Second, Chen suggests that China’s pro-Palestine stance is also driven by a sense of reciprocity. The Chinese, he argues, show favoritism toward Palestinians because Arab countries supported China on the international stage during the 1960s and 1970s, a period when China was otherwise isolated due to strained relations with the West.

Alongside the recent surge in pro-Palestine sentiments on Chinese social media, there has also been a clear rise in anti-Semitic expressions, including hate-filled comments and images targeting Jews, often referencing to Nazi Germany or the Holocaust. This online anti-Jewish sentiment is surprising given the historical ties that China shares with the Jewish community, a connection that has experienced a “memory revival” both in China and Israel over the past two decades, coinciding with the blossoming of China-Israel bilateral relations.

In 1938, when Europe became increasingly perilous for Jews, around 20,000 Jewish refugees sought sanctuary in Shanghai, and the great majority survived the war. The history of Jews in Shanghai during World War II is preceded by a long history of the Jewish diaspora in China. China is the only country in East Asia where Jews have consecutively lived for the last 1000 years. Although the first Jewish population in Shanghai arrived much later in history, it rapidly grew into one of China’s most vibrant Jewish communities.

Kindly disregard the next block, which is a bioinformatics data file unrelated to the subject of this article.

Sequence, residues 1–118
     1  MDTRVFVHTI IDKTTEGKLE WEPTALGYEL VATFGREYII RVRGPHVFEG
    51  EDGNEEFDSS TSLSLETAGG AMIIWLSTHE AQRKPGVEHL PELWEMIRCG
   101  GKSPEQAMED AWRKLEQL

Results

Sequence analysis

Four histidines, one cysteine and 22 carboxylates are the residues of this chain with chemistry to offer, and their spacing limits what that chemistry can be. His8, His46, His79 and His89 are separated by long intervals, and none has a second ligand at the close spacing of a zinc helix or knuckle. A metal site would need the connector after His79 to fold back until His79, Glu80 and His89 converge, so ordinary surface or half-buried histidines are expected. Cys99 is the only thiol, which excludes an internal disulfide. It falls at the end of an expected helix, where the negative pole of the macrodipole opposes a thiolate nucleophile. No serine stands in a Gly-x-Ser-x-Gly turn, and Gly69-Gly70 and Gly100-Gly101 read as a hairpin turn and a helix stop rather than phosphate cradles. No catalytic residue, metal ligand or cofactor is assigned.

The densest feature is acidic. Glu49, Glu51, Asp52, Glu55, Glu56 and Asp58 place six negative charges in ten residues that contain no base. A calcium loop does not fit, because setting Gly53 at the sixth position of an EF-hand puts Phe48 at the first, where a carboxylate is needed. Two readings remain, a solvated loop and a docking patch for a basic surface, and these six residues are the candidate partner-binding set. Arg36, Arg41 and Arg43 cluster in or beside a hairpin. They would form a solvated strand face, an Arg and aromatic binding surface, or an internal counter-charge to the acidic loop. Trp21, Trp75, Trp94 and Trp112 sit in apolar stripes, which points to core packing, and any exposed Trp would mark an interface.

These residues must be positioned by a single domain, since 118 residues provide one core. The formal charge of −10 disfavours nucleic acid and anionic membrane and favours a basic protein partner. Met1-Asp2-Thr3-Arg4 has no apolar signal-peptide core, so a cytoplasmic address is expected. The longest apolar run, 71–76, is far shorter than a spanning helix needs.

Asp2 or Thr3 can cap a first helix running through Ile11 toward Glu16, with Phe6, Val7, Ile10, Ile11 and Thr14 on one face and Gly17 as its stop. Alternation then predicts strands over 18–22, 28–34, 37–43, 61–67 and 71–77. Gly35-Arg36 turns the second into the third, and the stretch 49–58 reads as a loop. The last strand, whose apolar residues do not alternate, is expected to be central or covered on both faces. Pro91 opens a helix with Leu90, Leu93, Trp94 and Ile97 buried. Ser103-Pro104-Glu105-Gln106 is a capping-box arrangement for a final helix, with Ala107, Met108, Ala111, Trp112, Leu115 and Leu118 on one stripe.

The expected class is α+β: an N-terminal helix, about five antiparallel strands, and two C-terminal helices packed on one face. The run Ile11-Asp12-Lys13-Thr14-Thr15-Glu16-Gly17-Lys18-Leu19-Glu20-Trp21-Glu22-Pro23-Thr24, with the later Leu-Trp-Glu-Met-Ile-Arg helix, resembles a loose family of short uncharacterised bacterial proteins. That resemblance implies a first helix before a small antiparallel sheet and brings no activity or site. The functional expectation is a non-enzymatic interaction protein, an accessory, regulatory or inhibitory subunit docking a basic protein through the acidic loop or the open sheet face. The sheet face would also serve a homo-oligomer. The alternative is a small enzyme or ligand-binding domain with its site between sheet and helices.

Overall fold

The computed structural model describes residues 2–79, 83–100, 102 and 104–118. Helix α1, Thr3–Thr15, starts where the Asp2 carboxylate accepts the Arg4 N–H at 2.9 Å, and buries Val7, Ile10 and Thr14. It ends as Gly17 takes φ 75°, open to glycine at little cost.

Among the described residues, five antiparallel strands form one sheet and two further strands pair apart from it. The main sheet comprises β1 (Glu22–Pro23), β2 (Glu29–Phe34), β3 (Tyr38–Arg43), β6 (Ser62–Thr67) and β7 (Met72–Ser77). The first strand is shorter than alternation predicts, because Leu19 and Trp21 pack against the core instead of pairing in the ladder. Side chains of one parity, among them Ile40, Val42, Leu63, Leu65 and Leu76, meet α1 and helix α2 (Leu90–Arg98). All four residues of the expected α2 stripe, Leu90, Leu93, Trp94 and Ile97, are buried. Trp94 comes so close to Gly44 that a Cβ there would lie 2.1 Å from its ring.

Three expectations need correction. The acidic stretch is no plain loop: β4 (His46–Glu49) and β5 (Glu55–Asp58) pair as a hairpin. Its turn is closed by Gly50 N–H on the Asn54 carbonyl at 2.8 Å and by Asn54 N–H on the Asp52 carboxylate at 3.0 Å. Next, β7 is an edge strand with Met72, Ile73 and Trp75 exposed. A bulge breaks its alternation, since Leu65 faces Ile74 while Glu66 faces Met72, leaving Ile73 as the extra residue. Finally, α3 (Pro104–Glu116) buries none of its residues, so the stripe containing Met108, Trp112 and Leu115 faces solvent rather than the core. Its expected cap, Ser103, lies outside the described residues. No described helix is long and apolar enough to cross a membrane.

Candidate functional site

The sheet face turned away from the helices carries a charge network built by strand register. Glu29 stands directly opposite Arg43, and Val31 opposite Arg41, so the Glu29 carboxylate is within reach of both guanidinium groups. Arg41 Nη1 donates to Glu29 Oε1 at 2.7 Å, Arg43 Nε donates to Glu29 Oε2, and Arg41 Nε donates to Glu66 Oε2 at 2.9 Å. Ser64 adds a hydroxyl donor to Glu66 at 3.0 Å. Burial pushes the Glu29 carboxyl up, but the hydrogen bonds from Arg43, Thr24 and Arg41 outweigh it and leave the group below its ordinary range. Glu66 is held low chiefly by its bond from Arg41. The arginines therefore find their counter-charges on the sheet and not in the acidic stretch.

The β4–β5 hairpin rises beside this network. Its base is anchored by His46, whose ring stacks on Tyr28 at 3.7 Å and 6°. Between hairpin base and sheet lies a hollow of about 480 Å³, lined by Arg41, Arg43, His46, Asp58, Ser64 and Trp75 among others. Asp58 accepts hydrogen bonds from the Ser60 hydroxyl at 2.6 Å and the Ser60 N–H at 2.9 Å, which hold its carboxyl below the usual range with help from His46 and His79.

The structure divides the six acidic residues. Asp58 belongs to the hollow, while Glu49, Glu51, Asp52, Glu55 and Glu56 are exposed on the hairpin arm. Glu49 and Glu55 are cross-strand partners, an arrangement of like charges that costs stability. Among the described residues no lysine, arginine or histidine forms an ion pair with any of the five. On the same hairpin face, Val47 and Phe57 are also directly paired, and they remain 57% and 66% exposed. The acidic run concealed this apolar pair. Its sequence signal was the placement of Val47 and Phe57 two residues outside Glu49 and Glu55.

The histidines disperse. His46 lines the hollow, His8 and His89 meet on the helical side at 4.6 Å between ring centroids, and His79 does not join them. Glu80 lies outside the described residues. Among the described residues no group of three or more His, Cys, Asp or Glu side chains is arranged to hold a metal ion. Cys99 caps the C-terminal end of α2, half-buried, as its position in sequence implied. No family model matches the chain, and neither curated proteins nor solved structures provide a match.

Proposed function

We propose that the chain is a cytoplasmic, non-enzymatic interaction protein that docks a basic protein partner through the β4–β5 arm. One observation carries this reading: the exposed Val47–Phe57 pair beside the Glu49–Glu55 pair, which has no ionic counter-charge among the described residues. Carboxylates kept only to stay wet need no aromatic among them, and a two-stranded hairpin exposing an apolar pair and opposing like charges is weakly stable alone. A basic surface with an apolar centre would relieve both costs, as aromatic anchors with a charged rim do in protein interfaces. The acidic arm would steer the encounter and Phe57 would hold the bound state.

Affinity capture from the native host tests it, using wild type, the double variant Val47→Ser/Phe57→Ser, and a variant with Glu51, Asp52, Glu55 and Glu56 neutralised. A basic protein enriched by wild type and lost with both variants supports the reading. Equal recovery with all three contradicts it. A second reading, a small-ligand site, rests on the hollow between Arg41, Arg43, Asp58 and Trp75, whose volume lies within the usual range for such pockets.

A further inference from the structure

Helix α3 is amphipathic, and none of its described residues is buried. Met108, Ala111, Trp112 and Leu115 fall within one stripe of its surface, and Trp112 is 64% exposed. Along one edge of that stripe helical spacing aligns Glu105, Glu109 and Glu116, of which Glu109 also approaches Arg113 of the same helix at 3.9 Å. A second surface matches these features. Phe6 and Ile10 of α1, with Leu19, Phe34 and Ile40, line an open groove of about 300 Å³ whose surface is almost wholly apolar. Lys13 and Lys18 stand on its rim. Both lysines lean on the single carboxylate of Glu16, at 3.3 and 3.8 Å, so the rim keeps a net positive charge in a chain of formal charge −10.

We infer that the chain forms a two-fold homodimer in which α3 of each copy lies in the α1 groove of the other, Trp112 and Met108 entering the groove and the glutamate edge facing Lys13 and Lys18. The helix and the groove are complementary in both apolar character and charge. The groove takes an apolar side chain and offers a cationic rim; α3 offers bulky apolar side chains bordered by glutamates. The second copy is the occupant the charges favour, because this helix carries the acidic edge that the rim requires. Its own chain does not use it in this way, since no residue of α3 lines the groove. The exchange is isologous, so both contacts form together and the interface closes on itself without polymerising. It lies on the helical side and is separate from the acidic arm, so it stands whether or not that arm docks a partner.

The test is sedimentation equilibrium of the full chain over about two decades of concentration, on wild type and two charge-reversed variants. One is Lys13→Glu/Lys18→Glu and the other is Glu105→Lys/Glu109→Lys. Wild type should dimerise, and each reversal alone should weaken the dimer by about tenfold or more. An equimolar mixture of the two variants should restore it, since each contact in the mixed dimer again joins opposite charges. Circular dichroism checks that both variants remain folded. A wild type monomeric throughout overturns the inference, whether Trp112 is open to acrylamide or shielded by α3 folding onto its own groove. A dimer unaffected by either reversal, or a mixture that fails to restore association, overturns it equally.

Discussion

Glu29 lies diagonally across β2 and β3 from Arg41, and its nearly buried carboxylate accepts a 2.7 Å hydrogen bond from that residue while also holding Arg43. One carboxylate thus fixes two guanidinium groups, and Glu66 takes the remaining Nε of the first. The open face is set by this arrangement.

While portions of the old Jewish neighborhood in Shanghai have now disappeared, new initiatives are keeping its memories alive. The former synagogue in the neighborhood now houses the Shanghai Jewish Refugees Museum, established in 2007 to commemorate the Jewish refugees who sought shelter in Shanghai. The museum frequently hosts new exhibits and events to engage the public. The historical revival of Shanghai’s Jewish history also takes place outside museums, as stories of war are narrated in popular culture and in online media.

Statue commemorating Jewish community in Shanghai outside of the Jewish Refugee Museum (photo by Whatsonweibo).

Beyond China’s historical role in providing a safe haven for Jewish refugees during the war, the Jewish-Chinese friendship also has a deeper dimension. Similar to how Chinese link their own scars of national humiliation to the present realities of Palestians, many Chinese also align the historical sufferings of China with the hardships endured by the Jewish community.